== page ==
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dimarray 0.1.2

array with labelled dimensions and axes, metadata and NaN handling

Latest Version: 0.1.7

Concept:

A numpy array with labelled axes and dimensions, in the spirit of pandas but not restricted to low-dimensional arrays, with improved indexing, and using the full power of having dimension names (see below "Comparisons with other packages").

Having axis name and axis values allow on-the-fly axis alignment and dimension broadcasting in basic operations (addition, etc...), so that rules can be defined for nearly every sequence of operands.

A natural I/O format for such an array is netCDF, common in geophysics, which rely on the netCDF4 package. Other formats are under development (HDF5). Metadata are also supported, and conserved via slicing and along-axis transformations.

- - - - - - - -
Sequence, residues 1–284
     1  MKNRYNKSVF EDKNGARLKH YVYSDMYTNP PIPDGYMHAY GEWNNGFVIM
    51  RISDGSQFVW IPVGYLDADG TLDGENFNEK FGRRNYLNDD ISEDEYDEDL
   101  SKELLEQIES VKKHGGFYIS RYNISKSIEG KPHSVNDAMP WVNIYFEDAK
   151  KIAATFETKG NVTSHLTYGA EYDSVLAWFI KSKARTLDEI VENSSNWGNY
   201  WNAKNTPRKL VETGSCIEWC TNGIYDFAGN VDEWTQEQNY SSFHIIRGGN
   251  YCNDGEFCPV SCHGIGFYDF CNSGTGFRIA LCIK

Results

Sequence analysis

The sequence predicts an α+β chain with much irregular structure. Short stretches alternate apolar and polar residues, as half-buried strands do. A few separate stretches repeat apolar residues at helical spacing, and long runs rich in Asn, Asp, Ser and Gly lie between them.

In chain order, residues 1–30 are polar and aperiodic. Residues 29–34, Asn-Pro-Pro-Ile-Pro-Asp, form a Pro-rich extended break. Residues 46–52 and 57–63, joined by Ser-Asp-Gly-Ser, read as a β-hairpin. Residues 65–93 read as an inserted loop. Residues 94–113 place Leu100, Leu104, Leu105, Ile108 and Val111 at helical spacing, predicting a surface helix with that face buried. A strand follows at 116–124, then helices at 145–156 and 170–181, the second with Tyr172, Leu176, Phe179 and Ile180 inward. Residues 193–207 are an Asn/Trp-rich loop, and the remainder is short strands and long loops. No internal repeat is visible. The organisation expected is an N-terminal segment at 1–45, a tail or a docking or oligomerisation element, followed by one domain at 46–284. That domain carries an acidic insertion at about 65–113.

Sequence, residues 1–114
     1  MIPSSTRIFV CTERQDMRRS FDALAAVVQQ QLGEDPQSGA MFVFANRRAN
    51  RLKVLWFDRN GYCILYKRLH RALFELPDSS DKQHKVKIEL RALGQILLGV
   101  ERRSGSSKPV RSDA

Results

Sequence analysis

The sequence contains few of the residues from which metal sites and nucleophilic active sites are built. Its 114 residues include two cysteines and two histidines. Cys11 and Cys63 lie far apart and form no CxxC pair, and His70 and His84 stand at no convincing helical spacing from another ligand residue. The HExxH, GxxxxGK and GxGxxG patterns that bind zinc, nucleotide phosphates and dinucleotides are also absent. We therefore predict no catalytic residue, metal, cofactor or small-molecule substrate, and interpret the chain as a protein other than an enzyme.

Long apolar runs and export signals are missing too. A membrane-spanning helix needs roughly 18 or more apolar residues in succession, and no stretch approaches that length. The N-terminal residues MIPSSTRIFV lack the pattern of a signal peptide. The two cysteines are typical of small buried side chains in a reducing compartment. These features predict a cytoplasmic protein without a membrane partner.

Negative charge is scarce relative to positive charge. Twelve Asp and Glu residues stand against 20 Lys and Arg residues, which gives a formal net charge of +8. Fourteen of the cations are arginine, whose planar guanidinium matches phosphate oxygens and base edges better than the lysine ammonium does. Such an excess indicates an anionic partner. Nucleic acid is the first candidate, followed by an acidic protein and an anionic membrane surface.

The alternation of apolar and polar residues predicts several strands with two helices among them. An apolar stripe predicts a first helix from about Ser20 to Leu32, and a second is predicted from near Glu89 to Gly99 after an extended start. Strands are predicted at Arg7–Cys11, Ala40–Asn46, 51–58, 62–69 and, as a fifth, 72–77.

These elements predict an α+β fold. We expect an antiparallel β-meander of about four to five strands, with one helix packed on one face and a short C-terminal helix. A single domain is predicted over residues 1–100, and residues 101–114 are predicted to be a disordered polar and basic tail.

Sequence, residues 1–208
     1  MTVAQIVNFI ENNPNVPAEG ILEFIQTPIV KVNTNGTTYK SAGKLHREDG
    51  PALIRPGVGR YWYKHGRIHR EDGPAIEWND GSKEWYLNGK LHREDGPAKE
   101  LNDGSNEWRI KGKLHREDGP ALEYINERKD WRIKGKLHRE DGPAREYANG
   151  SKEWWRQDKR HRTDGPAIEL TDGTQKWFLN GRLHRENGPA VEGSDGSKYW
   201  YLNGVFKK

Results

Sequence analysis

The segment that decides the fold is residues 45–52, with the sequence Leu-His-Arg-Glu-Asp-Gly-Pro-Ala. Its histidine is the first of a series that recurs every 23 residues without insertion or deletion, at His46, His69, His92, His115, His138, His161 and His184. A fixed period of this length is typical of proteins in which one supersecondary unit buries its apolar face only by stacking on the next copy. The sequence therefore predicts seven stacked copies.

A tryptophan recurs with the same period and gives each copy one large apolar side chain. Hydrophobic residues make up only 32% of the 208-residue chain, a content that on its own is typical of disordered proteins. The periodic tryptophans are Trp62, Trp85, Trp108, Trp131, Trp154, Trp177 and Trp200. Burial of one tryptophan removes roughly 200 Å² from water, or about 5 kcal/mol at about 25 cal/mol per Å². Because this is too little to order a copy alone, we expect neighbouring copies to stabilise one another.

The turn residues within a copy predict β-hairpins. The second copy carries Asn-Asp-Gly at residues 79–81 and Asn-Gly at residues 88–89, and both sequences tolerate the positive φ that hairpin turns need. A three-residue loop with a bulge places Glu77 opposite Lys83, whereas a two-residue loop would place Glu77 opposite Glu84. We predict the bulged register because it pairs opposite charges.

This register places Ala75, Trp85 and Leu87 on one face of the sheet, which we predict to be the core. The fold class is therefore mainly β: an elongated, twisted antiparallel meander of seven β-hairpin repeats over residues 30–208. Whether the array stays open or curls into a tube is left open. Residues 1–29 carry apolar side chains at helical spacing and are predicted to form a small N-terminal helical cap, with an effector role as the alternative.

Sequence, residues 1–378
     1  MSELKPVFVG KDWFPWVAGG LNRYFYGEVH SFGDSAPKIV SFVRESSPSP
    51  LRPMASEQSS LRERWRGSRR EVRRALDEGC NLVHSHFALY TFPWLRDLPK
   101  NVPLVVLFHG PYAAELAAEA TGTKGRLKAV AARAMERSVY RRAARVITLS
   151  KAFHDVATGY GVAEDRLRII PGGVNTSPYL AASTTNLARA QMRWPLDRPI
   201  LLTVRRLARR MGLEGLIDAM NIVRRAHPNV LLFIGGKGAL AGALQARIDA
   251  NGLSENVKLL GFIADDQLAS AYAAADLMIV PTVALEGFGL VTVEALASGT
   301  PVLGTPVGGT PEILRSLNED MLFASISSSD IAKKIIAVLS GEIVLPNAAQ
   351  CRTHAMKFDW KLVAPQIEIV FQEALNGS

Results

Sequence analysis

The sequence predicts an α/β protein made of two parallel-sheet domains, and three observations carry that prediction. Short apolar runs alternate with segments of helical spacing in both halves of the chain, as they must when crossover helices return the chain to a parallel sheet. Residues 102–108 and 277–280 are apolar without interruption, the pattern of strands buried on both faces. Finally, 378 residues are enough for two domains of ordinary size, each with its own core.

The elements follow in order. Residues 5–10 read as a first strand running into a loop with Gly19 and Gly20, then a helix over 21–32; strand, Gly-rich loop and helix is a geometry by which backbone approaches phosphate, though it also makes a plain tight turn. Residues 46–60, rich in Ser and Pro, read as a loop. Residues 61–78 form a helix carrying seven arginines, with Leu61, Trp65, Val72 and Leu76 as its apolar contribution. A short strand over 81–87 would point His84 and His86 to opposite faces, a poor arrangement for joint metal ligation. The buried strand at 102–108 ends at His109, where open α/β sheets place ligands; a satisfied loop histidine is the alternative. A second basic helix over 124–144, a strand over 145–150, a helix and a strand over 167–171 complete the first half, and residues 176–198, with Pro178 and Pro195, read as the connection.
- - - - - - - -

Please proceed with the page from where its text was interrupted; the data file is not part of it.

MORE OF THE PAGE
Download latest version on GitHub:

https://github.com/perrette/dimarray/

Get started

A ``DimArray`` can be defined just like a numpy array, with additional information about its axes, which can be given via labels and dims parameters.

>>> from dimarray import DimArray, Dataset
>>> a = DimArray(values=[[1,2,3],[4,5,6.]], labels=[["a","b"], [0,1,2]], dims=['dim0','dim1'])
>>> a
dimarray: 6 non-null elements (0 null)
dimensions: 'dim0', 'dim1'
0 / dim0 (2): a to b
1 / dim1 (3): 0 to 2
array([[ 1.,  2.,  3.],
       [ 4.,  5.,  6.]])

Array data are stored in a values attribute:

>>> a.values
array([[ 1.,  2.,  3.],
       [ 4.,  5.,  6.]])

and axis names and values can be accessed straightforwardly, just like shape and ndim:

>>> a.dims
('dim0', 'dim1')
>>> a.labels   # same as (a.dim0, a.dim1)
(array(['a', 'b'], dtype=object), array([0, 1, 2]))

Indexing works on labels just as expected, including slice and boolean array.

>>> a['b', 1]
5.0

but integer-index is always possible via ix toogle between labels- and position-based indexing:

>>> a.ix[1, 1]
5.0

Standard numpy transformations are defined, and now accept axis name: